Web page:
‘Wait let’s take a selfie!’ With phones in almost everyone’s hand this has become a phrase we constantly hear wherever we go. We may roll our eyes at it, but what if we told you the act of taking a picture actually helps children build important skills?
Tarek M. Y. Abdelraman, General Manager of Customer Satisfaction at Nikon MEA, explains: “Photography is a unique artform that can prove to be hugely beneficial for children in their growing years. It helps to enhance their skill sets, as it has proven to augment creative abilities and increase focus. As children learn to focus more with the camera, they start becoming more aware and observant of their surroundings. This boosts their attentiveness in the classroom, enabling better learning. Photography is becoming a new common language of expression and description that is much faster to illustrate and communicate, and more precise to explain.
“That’s why we don’t just make products that enable better photography, we believe in growing photography as a skill and passion that can greatly benefit holistic growth. Early exposure to learning this skill will enable children to build on it as they grow to see the world with a broad perspective. This thought process led us to collaborate with schools to help young minds bloom with creativity.”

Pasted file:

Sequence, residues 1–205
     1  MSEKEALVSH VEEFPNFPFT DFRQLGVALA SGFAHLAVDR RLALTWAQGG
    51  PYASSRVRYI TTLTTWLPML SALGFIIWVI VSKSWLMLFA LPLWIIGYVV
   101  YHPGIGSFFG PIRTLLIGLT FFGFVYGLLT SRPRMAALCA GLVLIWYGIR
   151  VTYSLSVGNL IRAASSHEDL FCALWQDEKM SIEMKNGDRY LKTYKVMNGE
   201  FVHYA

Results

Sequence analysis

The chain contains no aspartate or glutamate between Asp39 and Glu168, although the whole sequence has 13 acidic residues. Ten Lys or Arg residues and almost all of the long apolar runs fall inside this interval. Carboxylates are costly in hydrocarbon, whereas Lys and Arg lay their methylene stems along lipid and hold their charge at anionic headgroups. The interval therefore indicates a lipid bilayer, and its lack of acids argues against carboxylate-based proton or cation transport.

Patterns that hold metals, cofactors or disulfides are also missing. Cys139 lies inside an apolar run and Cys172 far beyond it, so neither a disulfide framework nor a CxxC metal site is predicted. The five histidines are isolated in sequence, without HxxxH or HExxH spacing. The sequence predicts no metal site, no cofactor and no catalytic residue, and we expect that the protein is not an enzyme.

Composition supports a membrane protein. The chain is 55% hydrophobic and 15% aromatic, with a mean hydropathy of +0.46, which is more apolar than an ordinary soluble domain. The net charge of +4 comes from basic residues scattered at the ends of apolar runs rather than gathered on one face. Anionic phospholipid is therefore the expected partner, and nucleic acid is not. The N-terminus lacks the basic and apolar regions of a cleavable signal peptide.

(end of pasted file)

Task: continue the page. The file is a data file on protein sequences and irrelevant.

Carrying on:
Nikon has worked with more than 10,000 students across schools like Global Indian International School (GIIS), Amity School, Al Sadiq Islamic English School, Nord Anglia School, Regent International School, Sunmarke School, Kent College, and Dubai Autism Centre.
Ramesh Mudgal, Principal at GIIS Dubai, commented: “GIIS lays immense emphasis on providing top-notch intellectual, social, and academic growth opportunities for its students. We understand that education and self-expression go hand-in-hand and play a major role in helping a child’s growth and development. Not wanting to measure creative skills against any pre-set criteria, the Nikon classes are meant to simply enhance every student’s creativity, confidence, and focus. It helps them express themselves better and develop visual perception.”